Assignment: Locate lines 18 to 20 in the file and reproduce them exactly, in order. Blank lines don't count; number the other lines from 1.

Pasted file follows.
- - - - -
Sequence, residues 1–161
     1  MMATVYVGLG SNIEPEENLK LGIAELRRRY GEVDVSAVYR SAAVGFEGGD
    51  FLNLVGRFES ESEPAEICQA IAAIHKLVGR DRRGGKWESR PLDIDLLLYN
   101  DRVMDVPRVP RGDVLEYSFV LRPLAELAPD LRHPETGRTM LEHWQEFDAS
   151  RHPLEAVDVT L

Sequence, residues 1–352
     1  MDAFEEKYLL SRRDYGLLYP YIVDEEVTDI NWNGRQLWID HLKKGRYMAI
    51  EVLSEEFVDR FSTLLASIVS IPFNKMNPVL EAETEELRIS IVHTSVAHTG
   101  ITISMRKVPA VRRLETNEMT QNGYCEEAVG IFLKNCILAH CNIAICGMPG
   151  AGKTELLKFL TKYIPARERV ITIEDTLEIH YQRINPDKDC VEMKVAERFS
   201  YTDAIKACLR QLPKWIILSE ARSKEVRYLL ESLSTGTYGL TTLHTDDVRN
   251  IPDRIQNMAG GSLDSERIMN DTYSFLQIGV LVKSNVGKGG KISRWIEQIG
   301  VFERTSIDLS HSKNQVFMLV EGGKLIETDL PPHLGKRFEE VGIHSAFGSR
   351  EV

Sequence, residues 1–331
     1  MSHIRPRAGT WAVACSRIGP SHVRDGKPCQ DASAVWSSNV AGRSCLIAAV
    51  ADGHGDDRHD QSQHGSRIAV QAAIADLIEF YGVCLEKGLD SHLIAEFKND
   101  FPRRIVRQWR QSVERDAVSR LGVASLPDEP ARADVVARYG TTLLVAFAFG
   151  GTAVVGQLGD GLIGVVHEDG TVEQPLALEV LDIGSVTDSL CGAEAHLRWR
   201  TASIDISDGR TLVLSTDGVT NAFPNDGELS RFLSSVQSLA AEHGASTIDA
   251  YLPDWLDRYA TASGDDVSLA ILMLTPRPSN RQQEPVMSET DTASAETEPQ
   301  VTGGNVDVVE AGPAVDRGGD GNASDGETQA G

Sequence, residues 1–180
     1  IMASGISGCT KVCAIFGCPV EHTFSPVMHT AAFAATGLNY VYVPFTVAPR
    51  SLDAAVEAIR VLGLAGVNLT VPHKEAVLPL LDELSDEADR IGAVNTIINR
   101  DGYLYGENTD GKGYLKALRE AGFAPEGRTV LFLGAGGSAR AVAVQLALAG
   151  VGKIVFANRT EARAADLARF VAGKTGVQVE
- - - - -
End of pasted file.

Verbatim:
   101  FPRRIVRQWR QSVERDAVSR LGVASLPDEP ARADVVARYG TTLLVAFAFG
   151  GTAVVGQLGD GLIGVVHEDG TVEQPLALEV LDIGSVTDSL CGAEAHLRWR
   201  TASIDISDGR TLVLSTDGVT NAFPNDGELS RFLSSVQSLA AEHGASTIDA